Application materials, details of ten Research Mentors along with possible research projects and other program activities are posted on following website: The deadline for application submission is February 24, 2012. Successful applicants will be informed by March 12, 2012. Please contact Dr. Vinod K Lohani (phone: (540)231-9545; FAX: (540) 231-6903; E-mail: for questions.

The Nebraska Summer research Program is a quality, hands-on experience in an environment that fosters growth and advancement of student scholars.  Spend your summer at Nebraska experiencing close faculty mentoring, engaging research, and collaborative work.  Take advantage of this opportunity to develop important research and presentation skills that you will showcase in a research symposium. Enjoy seminars related to your field and attend workshops about applying to graduate school, preparing for the GRE, etiquette during interviews, and more. Have fun outside the lab on cultural excursions and other social and recreational activities.
Begin exploring the various research topics and projects offered this year by visiting our website at

The Environmental Engineering REU site at the University of Colorado - Boulder gives undergraduate students an opportunity to conduct an independent research project in the areas of water quality and treatment, air quality monitoring and control, acid mine drainage, ecological impacts of pollution, water resources, and the impacts of climate variability.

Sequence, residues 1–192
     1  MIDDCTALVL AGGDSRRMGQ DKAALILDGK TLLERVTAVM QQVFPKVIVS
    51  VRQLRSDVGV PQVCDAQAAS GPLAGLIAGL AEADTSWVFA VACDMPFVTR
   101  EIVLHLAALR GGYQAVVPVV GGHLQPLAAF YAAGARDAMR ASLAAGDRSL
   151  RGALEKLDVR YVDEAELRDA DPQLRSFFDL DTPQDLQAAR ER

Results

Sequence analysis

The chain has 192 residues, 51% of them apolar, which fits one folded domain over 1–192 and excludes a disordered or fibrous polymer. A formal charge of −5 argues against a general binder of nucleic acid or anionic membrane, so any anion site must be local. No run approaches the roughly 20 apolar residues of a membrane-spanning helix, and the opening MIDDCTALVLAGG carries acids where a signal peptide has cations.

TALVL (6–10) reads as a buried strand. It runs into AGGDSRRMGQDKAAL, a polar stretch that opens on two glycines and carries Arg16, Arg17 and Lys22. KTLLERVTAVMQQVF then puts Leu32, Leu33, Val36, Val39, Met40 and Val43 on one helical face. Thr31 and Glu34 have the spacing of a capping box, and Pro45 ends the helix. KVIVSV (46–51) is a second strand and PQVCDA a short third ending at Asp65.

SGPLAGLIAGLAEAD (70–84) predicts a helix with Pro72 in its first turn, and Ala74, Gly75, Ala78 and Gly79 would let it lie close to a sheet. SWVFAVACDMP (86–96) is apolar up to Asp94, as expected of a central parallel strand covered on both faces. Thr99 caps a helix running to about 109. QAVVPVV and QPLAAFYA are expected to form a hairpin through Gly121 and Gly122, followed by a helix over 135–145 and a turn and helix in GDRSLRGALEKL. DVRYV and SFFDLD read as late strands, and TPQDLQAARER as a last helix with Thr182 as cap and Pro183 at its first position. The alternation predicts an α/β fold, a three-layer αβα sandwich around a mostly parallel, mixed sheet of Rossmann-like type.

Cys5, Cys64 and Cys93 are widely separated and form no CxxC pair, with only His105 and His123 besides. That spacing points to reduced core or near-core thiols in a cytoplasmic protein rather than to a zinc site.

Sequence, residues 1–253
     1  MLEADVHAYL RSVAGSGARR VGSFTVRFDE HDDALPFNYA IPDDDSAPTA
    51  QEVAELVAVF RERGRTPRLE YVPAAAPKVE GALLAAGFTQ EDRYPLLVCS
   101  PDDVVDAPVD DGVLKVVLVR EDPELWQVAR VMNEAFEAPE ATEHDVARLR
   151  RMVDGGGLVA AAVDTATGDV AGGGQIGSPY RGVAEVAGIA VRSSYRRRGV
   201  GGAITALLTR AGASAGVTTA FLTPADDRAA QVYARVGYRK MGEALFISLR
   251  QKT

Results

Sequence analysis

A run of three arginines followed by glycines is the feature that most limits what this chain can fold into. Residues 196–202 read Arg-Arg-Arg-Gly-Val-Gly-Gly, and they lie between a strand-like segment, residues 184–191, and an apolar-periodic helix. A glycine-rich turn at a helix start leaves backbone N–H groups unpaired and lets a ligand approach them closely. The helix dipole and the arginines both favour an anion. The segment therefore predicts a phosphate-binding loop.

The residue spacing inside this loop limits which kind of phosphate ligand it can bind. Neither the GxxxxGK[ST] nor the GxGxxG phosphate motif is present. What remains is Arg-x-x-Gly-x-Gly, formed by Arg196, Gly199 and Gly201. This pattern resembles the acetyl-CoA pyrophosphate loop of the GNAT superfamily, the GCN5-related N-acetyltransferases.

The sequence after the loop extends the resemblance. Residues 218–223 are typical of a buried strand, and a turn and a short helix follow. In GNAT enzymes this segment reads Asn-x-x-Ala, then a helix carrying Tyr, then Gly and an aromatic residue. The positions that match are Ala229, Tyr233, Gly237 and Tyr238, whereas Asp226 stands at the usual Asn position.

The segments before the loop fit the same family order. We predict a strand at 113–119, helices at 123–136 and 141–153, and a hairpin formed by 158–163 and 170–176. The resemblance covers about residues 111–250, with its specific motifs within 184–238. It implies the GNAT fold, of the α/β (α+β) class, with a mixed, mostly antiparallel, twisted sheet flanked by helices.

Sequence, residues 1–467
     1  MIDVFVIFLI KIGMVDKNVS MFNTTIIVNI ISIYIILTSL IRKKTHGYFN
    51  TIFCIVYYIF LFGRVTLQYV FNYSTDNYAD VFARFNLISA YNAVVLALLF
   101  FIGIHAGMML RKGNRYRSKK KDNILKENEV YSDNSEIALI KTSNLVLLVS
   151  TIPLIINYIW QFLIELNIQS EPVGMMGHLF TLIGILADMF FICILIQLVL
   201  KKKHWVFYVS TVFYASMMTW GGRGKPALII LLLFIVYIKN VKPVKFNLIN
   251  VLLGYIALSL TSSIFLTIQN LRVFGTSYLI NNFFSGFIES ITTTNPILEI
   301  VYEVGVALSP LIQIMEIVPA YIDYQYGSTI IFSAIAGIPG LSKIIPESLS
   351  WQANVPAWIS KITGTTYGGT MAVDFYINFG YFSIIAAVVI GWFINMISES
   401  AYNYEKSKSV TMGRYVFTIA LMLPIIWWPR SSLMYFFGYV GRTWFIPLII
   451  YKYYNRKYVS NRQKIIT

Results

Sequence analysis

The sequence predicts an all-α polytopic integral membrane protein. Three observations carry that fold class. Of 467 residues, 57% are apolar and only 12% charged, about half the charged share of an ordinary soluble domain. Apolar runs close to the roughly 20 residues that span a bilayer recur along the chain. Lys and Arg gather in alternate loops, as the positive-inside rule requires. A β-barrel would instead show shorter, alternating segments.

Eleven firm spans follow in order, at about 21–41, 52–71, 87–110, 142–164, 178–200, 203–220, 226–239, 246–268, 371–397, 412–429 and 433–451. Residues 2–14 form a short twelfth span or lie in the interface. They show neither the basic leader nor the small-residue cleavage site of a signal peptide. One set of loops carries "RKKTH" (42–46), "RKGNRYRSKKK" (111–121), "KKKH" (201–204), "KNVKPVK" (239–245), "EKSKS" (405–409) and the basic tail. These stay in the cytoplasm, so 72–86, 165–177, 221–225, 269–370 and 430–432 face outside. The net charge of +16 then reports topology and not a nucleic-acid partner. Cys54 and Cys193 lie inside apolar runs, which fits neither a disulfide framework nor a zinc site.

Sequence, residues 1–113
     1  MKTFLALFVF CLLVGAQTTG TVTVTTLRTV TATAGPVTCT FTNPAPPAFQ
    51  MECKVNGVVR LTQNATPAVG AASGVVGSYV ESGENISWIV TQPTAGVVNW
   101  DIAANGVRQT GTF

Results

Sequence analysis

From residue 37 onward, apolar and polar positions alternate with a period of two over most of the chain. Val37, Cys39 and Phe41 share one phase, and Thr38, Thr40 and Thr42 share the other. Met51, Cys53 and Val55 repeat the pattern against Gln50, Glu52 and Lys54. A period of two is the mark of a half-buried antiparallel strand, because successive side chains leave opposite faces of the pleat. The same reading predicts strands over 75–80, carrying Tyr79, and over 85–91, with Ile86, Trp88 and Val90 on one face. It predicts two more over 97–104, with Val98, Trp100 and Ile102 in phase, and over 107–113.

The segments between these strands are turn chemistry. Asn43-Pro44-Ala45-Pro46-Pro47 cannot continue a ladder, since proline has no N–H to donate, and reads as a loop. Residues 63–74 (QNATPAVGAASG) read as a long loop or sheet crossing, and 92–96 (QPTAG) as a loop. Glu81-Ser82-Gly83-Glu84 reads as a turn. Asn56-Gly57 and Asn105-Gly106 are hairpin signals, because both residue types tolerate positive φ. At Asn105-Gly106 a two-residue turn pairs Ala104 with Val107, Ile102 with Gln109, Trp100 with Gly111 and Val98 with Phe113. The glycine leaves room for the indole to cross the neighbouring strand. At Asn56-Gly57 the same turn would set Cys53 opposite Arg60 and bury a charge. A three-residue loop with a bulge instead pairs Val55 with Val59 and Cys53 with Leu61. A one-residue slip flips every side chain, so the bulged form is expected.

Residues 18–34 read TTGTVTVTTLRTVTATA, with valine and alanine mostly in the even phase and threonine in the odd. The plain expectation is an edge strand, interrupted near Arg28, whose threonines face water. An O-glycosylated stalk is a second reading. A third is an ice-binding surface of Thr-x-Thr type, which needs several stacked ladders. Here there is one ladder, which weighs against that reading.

If you are interested in participating, you must fill out the application packet in its entirety and email the information as an attachment to: Official transcripts and 2 reference letters must also be submitted; see details in the application packet. Applications will be reviewed starting February 15, 2012, so you will optimize your chances of being selected if your application is received before this date.  
The Agricultural and Biological Engineering at the University of Florida National Science Foundation (NSF) invite applications for an interdisciplinary research program in water resources from undergraduate students in their sophomore, junior, and senior years, majoring in engineering or related fields in science and math. Selected students will conduct hands-on research projects for eight weeks, involving field/laboratory experiments, theory, and computer modeling. The students will be distributed across Florida during the program. This unique program combines research and extension experiences in water resources to help convey research results for better water management. Details of the program are available at: